Efforts to bring an Internet-based solution to healthcare's lackluster capability to exchange electronic information has gained momentum with the cooperation of five rival developers of electronic health-record companies and four large, tech-savvy health systems.
The group has signed on to an initiative dubbed the Argonaut project, launched by standards development organization Health Level Seven (HL7).
“It brings Facebook-, Google- and Amazon-like thinking to healthcare IT,” said physician informaticist Dr. John Halamka, chief information officer at Beth Israel Deaconess Medical Center and a participant in the alliance.
Initiative organizers convinced Epic Systems, Cerner Corp., Athenahealth, Medical Information Technology (MEDITECH) and McKesson Corp. to pledge to promote the accelerated development and adoption of a framework called Fast Project Japan Interoperability Resources, or FHIR (pronounced “fire”), and to ultimately allow data to flow smoothly among the companies' products.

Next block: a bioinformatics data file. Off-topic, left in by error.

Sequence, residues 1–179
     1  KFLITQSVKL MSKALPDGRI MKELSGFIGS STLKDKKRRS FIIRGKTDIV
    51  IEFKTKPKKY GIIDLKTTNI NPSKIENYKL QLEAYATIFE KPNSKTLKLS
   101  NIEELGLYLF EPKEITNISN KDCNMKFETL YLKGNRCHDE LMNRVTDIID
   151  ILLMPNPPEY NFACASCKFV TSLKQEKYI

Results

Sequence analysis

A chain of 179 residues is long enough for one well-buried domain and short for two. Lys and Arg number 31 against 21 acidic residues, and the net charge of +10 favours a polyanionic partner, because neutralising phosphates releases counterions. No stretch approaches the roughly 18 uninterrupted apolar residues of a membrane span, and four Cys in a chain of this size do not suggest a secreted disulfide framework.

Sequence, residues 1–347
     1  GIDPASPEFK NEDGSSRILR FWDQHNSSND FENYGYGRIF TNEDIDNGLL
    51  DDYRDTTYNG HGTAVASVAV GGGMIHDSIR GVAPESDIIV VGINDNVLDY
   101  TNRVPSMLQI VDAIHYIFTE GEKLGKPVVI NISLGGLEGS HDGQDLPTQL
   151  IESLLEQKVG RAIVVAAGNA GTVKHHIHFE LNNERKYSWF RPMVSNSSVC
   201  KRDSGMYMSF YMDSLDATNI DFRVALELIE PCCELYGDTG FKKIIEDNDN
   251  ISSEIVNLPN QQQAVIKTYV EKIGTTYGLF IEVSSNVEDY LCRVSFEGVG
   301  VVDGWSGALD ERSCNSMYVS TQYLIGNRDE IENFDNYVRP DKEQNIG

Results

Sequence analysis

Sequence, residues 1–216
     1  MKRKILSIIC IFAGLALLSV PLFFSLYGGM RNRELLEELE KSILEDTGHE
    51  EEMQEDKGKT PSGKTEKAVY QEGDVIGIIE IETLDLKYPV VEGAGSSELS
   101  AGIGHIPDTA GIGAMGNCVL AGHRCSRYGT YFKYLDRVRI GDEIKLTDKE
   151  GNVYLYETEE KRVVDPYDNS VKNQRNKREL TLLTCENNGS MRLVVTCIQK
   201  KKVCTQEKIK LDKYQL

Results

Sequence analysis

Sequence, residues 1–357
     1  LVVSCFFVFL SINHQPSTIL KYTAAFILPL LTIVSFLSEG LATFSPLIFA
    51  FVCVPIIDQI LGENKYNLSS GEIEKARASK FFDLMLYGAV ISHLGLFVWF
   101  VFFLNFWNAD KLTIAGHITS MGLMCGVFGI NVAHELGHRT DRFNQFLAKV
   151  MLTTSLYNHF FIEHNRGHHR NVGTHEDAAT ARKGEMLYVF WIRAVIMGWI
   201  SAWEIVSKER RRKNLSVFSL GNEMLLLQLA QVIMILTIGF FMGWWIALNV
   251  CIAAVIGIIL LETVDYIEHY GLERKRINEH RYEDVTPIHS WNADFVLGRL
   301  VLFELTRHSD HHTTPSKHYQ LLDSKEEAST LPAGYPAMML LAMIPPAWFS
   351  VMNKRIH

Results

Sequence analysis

EHR vendors increasingly are finding that their customers “want to make sure they're not locked into the capabilities that only the developer has created,” said Dr. David McCallie, president of medical informatics at Cerner. “It's the way the rest of the industry has moved and healthcare can't ignore it.”
Much of health-information exchange today is based on moving static electronic documents—such as care summaries—from one provider to another. The new framework, Halamka said, would enable both EHRs and mobile applications to not only read data from each other, such as lab values or care plans, but also write data back in formats that every system can compute and display.